When the Minnesota Sports Facilities Authority picked Ted Mondale for the top job of the group many people were surprised. The public thought would there would be a process similar when the executive director was selected for the Baseball Authority for the building of Target Field. As I wrote in a previous post that candidates for such an important position should be granted “on worth, excellence, and caliber through a process that is legitimate, impartial, open, and transparent.”
It is clear based by comment by Chairperson of the Authority, Ms.Kelm-Helgen, Mondale’s appointment was done with no clarity and answerability to the public. In other words, “behind closed doors”.
As Chair Kelm-Helgen points as reported in the Star Tribune “she had talked with fellow authority members and other officials and business leaders in recent days about whether to conduct a public search for candidates. But she said the tight project timeline dictated a quick decision. “My biggest concern is to get this project moving and to get it out on time and under budget,” she said. Kelm-Helgen said that Mondale, a former DFL state senator and Metropolitan Council chairman, was a logical choice, and that his name “came up everywhere” in discussions she had involving the position. She said hiring him “made sense” given his experience with the project, his knowledge of its details and his history with the sports commission”.
When I read the story, several questions came immediate to mind. Who did Ms Kelm-Helgen have conversations with in regards to whether or not to have a “public search” for candidates? Did she have one on one conversations with other members of the Authority? How did they come to the consensus of no “public search”? Where is the “public record” that documents the choice of how Mr. Mondale was selected and decision not to do a “want ad” for the head person position? There isn’t any.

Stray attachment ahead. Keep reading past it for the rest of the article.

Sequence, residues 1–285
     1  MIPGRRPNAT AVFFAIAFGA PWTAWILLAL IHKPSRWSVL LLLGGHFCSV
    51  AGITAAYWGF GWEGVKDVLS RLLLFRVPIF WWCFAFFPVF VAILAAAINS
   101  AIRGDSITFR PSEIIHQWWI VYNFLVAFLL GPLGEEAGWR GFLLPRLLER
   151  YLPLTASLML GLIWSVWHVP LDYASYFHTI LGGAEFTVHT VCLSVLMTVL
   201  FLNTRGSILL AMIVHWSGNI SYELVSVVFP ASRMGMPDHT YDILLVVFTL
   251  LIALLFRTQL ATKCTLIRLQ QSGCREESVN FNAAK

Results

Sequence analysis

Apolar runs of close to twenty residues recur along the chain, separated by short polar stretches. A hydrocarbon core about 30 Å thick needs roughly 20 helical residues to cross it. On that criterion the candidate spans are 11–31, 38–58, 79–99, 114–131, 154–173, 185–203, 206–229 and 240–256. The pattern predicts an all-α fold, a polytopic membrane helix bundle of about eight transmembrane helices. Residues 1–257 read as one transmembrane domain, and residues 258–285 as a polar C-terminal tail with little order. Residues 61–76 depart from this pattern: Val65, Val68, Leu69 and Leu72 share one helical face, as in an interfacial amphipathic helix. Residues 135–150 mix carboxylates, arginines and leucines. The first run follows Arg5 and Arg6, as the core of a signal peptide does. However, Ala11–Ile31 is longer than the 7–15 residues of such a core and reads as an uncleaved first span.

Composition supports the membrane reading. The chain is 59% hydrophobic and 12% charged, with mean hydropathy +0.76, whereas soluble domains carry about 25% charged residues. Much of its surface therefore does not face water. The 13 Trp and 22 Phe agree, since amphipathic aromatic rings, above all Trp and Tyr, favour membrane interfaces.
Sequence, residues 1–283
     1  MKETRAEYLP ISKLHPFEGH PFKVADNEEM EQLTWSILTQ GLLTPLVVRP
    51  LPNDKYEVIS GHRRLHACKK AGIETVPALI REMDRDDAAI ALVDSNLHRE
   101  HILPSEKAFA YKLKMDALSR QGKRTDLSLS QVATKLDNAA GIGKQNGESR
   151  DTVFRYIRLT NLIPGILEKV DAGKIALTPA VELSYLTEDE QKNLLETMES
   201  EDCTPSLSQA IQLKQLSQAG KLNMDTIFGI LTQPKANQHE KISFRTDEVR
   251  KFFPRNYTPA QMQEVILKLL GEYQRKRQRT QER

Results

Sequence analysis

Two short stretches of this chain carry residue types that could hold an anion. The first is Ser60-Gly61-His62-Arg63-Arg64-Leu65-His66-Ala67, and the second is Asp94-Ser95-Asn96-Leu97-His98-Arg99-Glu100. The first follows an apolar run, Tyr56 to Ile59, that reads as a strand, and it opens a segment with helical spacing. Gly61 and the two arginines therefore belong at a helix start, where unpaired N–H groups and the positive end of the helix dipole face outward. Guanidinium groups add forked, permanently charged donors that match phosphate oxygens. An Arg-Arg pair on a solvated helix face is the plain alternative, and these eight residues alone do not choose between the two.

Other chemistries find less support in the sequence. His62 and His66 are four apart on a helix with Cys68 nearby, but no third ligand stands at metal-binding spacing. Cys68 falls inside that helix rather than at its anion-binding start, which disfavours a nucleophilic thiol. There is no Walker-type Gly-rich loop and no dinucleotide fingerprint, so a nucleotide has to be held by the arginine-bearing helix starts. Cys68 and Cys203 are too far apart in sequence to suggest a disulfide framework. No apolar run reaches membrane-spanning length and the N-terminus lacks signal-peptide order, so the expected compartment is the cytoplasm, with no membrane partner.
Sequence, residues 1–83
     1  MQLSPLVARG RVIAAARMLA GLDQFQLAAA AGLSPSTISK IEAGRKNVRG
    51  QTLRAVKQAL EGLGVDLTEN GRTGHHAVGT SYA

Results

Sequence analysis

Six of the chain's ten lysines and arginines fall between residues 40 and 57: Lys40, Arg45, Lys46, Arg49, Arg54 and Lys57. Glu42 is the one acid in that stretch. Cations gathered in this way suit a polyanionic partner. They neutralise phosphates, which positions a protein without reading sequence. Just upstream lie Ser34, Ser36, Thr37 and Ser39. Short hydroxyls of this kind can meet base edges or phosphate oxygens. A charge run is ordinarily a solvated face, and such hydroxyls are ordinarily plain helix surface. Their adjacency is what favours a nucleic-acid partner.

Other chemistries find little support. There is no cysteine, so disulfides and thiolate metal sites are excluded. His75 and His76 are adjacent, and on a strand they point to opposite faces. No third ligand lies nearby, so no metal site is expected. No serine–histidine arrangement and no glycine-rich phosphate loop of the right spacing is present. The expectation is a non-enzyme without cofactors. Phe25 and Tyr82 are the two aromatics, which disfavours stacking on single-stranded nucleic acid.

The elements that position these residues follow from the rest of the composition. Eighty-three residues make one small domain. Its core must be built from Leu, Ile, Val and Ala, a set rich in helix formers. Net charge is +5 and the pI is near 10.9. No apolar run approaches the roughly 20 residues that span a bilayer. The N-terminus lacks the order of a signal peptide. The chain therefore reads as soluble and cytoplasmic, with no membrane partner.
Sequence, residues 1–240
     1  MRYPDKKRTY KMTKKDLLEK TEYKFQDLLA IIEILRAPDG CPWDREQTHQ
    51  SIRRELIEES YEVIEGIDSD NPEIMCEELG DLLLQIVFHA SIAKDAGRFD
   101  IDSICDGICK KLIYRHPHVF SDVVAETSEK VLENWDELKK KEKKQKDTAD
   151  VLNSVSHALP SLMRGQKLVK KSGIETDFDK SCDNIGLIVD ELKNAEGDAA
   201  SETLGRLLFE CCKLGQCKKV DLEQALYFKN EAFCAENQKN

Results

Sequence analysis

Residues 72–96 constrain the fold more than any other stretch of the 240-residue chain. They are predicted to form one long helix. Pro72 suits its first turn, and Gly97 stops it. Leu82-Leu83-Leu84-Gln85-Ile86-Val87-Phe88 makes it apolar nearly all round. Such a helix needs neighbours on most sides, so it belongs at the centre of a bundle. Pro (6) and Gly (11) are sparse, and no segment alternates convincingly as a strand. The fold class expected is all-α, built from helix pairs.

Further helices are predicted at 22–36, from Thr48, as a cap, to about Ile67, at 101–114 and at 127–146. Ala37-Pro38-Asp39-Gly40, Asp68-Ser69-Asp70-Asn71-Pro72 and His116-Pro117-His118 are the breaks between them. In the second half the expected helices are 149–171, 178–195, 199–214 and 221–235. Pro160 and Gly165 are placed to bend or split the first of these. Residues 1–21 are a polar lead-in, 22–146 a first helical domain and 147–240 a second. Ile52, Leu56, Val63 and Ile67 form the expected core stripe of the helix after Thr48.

The public now knows no other individuals were considered for the position other than Ted Mondale.
Consider the facts as much as the public knows, five Authority members and a hodgepodge “of other officials and business leaders” made a decision to name a person to direct a multi-hundred million dollar public project without the public knowing who had the input. Also the view of “Damn the torpedoes Full speed ahead‘? seemed to permeate and direct the fastrack/greased slide for the selection of the Authority’s head.. Who was pushing the “We’re not going to look at the risks, we’re just going to do it.” Was it the Vikings organization? Who?
The process of “birth’ for the Vikings Stadium bill and the Authority was not pretty as many media reports have reported. There was at the Legislature and currently now a division of opinion about public financing of the Viking Stadium. I thought the new Authority members would have the moxie and leadership to understand the “black eye” that the public process took over it. I was expecting a “public search” for the head position.
Even with the announcement of Ted Mondale I thought the Authority would be clear and explicit how they chose him and why. Our tradition of open government over the past forty years in Minnesota wants and pursues transparency with its public bodies. This was not the case with the Minnesota Sports Facility Authority in this situation.
The Facilities Authority has its helmsman, there’s a burning desire to go ahead, but there needs to an attitude with clear public statements and policy with no obfuscation by Authority members and its head person that the public can be assured that what they are doing is legitimate, impartial, open, and transparent.